“At first I struggled a lot in mainland China; I had to educate people what it means to be a singer-songwriter,” says Qu Wanting, a 30-year-old Chinese musician whose last album, Everything in the World, went triple platinum in China and Hong Kong. In the early days of her career, Qu had trouble gaining traction in part because the concept of a vocalist writing her own music didn’t fit with the Chinese industry standard of a pop princess belting out pre-written ballads. But that wasn’t her strength. “I think my voice is OK, but my songs are unique because I sing about my own life,” she says.
One of Qu’s initial boosts came from having her songs uploaded to the online music streaming and subscription site Xiami.com, which was founded in 2007 and bought by Alibaba last year. China’s traditional music industry is controlled by a handful of labels that are not only responsible for censorship—practically speaking, that means denying ISBN numbers to songs or albums deemed vulgar or politically inappropriate—but also tend to favor acts similar to ones that have been successful in the past. Although it’s been hard for musicians with novel voices or viewpoints to break into the industry, new online music platforms have now widened the possibilities for musicians like Qu to find fans—and for listeners to be exposed to a much broader spectrum of songs.
“Indie and punk have been developing very quickly, but it’s still relatively new in China,” says Nevin Domer, who books acts with the upstart record label Maybe Mars, founded by the Beijing-based economist and polymath Michael Pettis.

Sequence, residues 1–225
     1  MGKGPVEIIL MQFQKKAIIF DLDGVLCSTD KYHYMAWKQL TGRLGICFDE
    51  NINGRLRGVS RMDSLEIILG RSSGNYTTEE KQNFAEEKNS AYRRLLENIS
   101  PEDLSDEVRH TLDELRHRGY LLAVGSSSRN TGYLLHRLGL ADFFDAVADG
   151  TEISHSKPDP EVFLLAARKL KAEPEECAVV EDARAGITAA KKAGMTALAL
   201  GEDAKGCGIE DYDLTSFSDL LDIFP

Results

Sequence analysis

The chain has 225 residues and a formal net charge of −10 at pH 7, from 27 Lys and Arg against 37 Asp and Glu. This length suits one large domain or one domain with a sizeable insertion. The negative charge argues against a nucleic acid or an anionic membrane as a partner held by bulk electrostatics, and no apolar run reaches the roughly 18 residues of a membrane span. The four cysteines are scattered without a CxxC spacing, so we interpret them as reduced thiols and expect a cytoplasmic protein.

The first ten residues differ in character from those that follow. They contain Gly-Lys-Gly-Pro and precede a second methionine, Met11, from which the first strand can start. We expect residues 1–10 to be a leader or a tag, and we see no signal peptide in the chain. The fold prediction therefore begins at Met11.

It’s not only fans who’ve embraced new ways of discovering and distributing music. “Through vehicles like Xiami, young people in China have access to a lot more types of music—and now brands like Guinness are interested in sponsoring [bands and events] because they can reach a different audience,” says Nathaniel Davis, founding partner at the China-based music promotion and creative consultancy Split Works/Splatter. Last May, the Irish stout sponsored the three-day Wood + Wires Music Festival in Shanghai. Davis says Calgary beer and fashion brand H&M have also sponsored indie music events in China, hoping to gain exposure before young discerning fans.
Wang Hao, Xiami’s chief executive officer, says that large Internet companies are now investing to gain exclusive rights to distribute music. “I think there’s going to be a lot of changes in the online music market in the next year, stemming from changes in copyright,” he told journalists at a panel discussion in Beijing on Friday. “Tencent, Baidu, and Alibaba are signing a lot of exclusive copyright deals; they’re investing heavily, contrary to what we’ve seen in the past. These huge conglomerates can invest in acquiring copyrights and then enforce them.” He predicts an era of consolidation in online music platforms, which may function as “independent copyright fiefdoms.” How well that will serve fans remains to be seen, but artists like Qu may stand a better chance at making a living off their music.